Spaceflight Now: Breaking News

NASA's Stardust probe on track for Earth flyby
Posted: January 6, 2001

An artist's concept of the Stardust spacecraft during interstellar dust collection. Photo: NASA
The Stardust comet-catching spacecraft performed a trajectory correction maneuver on Friday, adjusting its interstellar course to pass close by Earth on January 15 for a needed boost in speed.

Known as Trajectory Correction Maneuver No. 5, the event provided the final targeting for Stardust's Earth flyby. The craft is within 4,000,000 km from the Earth and closing rapidly.

The probe will make its closest approach to Earth at 1115 GMT (6:15 a.m. EST) on January 15 in a pre-planned gravity assist to sling-shot the probe on its continued trek to collect samples of Comet Wild 2 and return to our home planet over the next several years.

There is a small possibility that Stardust may be visible from Earth after flyby using sophisticated telescopes with CCD detectors.

Five Navigation Camera images were taken on Friday to assess camera performance after the second heating sequence where both the CCD and mirror motor heaters were turned on for about one month. These images were to be played back later Friday. The spacecraft will then be left alone until after Earth flyby.

During the holiday period there were numerous Deep Space Network (DSN) tracking passes with Stardust. NASA reports all subsystems onboard the spacecraft are performing normally.

In preparation for the Earth Gravity Assist, the Command Loss Timer was changed to three days from its usual value of nine days. The CLT is an onboard countdown clock based on the last successful command received by the spacecraft. When the CLT reaches zero or when there is no communication from Earth for nine days -- the safe mode executive assumes there is a problem somewhere in the spacecraft's uplink path and requests safe mode.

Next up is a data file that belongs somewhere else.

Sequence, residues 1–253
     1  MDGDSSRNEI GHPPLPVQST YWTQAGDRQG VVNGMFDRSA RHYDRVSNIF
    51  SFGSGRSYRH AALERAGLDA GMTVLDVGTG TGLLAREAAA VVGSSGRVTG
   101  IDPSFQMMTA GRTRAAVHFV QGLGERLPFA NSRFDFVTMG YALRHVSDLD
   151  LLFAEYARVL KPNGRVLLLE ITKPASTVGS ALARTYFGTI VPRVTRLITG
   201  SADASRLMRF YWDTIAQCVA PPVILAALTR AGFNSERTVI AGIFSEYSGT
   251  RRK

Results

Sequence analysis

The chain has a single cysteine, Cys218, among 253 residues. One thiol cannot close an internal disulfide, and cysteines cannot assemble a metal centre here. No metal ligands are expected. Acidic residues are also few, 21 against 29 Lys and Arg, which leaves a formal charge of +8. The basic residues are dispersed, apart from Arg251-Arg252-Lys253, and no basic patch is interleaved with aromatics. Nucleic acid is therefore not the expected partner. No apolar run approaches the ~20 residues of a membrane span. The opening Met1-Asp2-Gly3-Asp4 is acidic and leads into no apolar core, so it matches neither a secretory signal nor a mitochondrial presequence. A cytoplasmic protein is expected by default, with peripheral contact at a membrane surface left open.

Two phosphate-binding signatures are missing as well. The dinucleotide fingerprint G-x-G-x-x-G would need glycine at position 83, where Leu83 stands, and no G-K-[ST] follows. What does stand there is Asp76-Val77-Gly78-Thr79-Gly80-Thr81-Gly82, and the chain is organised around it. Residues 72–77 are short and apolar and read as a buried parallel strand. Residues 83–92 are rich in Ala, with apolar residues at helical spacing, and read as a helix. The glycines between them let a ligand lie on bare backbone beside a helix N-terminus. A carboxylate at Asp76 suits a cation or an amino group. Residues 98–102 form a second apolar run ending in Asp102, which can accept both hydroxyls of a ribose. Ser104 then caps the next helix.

The SME will then autonomously swap components in the uplink path, pausing in between swaps, until a command is received. Since Stardust is rapidly approaching EGA, the command loss time was reduced to three days to allow a faster recovery in the unlikely failure of an uplink component. This strategy will allow the spacecraft team to respond to a failure and ensure that critical commands are successfully sent to the spacecraft in a timely manner.

Also, a timer in the SME was changed to ensure that if a safe mode entry occurs, the spacecraft will remain pointed at the Sun and not attempt to communicate with the Earth. If the spacecraft enters safe mode just prior to the closest approach, the batteries would reach their low state of charge limit (50 percent) because the Earth and Sun are 180 degrees apart. If the spacecraft enters safe mode after closest approach, the SME will command the spacecraft to a power-friendly communications attitude. This change will ensure the spacecraft remains in a safe attitude, pointed at the Sun, until the spacecraft team commands it to "phone home".